It's been 35 years since George Grant graduated from high school. In that long-ago summer an essential farm worker left and George was unable to quickly find a replacement. He had to forego college and give up his dream to play professional baseball. The top priority was to keep the farm running. His brother Roy was still in high school.
It takes more than a year to find a replacement farm worker and by then George and Marcy Caldwell, his high school sweetheart, are married and managing the farm as a successful family business.
Even though George couldn't leave the farm during those years, he and Roy continued to practice baseball. As he ages, George's pitching speed and accuracy improve. He still gets tingles in his hands and arms and he still sees a baseball flying through the air in slow motion.
Finally, when George is 54, he and Marcy, accompanied by Roy and his wife Sally, go to Phoenix for a spring vacation. It is still winter on the farm but the Cactus League baseball spring training season is in full swing in the Valley of the Sun. They plan to enjoy the warm weather and watch some baseball games.
Unknown to George until he arrives in Phoenix, Roy arranged for him to give a pitching demonstration to a professional team. The players, managers and owner of the team are impressed with George's speed and accuracy as a pitcher. When he steps to the plate as a batter, they are even more impressed. The team owner gives George a contract to pitch for his team for the last two weeks of spring training.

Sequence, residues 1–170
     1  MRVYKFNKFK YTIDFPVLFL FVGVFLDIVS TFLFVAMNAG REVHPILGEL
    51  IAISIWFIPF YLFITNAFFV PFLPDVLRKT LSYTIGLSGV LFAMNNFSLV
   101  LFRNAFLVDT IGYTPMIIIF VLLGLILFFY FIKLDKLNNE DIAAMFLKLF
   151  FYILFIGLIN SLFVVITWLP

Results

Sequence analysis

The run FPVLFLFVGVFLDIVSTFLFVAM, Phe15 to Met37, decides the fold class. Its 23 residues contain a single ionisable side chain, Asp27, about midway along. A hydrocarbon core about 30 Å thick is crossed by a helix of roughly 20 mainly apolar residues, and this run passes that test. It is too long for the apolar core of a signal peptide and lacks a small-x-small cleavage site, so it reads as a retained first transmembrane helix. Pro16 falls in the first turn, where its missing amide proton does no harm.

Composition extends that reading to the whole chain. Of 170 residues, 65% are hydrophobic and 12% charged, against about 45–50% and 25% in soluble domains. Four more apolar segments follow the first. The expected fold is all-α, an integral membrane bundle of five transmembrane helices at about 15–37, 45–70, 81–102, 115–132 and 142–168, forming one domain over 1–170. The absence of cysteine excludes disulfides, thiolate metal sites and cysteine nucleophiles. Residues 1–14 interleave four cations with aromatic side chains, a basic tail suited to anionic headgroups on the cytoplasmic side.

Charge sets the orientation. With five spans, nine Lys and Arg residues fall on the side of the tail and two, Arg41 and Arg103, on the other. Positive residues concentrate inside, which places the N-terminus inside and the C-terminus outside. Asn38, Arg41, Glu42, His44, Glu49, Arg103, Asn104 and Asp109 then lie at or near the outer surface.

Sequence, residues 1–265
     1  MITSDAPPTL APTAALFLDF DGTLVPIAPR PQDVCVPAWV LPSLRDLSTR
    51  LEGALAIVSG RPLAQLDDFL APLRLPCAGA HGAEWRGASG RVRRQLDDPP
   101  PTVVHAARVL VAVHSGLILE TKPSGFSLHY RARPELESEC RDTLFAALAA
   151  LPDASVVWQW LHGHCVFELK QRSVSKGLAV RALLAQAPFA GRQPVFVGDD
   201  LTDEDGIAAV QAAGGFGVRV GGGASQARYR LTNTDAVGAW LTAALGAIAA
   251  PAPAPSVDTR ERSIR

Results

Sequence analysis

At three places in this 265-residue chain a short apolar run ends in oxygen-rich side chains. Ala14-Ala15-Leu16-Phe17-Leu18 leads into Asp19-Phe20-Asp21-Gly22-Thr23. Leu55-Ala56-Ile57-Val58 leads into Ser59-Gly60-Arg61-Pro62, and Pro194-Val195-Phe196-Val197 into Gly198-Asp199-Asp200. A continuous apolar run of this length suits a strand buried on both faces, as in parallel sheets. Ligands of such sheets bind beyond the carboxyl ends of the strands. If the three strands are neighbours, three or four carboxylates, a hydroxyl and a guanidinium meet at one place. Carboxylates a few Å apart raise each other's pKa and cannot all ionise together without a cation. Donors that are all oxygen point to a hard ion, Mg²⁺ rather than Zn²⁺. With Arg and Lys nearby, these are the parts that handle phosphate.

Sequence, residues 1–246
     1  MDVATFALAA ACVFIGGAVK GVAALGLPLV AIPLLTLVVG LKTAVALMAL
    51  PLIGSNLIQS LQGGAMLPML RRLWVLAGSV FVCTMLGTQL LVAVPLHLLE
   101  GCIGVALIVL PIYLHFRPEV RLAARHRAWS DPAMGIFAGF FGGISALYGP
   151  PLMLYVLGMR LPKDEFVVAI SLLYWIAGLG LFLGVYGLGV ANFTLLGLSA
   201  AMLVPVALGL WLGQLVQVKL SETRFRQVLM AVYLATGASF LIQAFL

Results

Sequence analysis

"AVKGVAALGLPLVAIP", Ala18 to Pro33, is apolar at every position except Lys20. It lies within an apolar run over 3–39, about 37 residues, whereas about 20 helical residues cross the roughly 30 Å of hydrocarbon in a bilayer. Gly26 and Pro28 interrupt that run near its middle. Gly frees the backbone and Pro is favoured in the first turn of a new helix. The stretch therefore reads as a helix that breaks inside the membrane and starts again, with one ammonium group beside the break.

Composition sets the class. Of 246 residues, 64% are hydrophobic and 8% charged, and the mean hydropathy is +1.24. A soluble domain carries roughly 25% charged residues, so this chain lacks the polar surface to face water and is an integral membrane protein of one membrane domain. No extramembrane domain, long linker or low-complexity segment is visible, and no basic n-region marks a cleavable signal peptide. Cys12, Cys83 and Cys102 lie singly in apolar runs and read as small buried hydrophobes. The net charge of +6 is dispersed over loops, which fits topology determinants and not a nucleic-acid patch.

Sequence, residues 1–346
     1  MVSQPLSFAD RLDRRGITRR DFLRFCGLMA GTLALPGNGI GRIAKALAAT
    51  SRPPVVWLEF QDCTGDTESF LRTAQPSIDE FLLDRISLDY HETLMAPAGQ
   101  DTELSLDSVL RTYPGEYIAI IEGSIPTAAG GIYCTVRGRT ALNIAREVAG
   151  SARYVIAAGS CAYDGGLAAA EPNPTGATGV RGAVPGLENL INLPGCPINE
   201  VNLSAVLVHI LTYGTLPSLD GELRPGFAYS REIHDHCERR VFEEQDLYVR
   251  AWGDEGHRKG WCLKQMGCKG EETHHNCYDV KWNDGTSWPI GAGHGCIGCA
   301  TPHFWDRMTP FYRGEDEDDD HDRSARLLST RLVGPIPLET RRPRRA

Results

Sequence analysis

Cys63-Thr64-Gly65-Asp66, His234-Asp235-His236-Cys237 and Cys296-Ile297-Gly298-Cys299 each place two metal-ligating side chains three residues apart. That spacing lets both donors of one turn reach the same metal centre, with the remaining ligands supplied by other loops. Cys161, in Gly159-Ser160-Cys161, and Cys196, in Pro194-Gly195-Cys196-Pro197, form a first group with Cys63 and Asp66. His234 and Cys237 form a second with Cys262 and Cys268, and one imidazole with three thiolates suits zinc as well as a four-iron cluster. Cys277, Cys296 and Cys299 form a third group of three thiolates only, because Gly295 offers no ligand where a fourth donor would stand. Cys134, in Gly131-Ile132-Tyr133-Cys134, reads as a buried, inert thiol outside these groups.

When an injury to a pitcher sidelines him for the entire season, the owner signs George to a contract. The result is a baseball season beyond the wildest expectations of the players, coaches and owner.
About the Author
Jay Henry Peterson grew up as a farm kid on the northern Great Plains. He milked cows, handled beef cattle, hogs and chickens and spent many hours on tractors and other equipment planting and harvesting small grains, corn and soybeans.
He began writing as a teenager, creating whimsical poems and stories to amuse his high school classmates. Most of that unpublished writing has been lost. After being passed around by his classmates, much of it was wadded up and tossed in the trash basket in some classroom.
He often wrote sports and feature articles for his high school and college newspapers. His college years were interrupted when he was called to serve in the United States Army, a time that included a year in combat operations in the swamps and jungles of South Vietnam. He returned to college after the service and earned a bachelor’s degree in journalism.
During a professional career of more than four decades as a printing and publications executive his writing was largely confined to business projects.
Jay Henry Peterson is retired. He recently returned to writing for pleasure, this time concentrating on short stories and novels. He and his wife live in Arizona.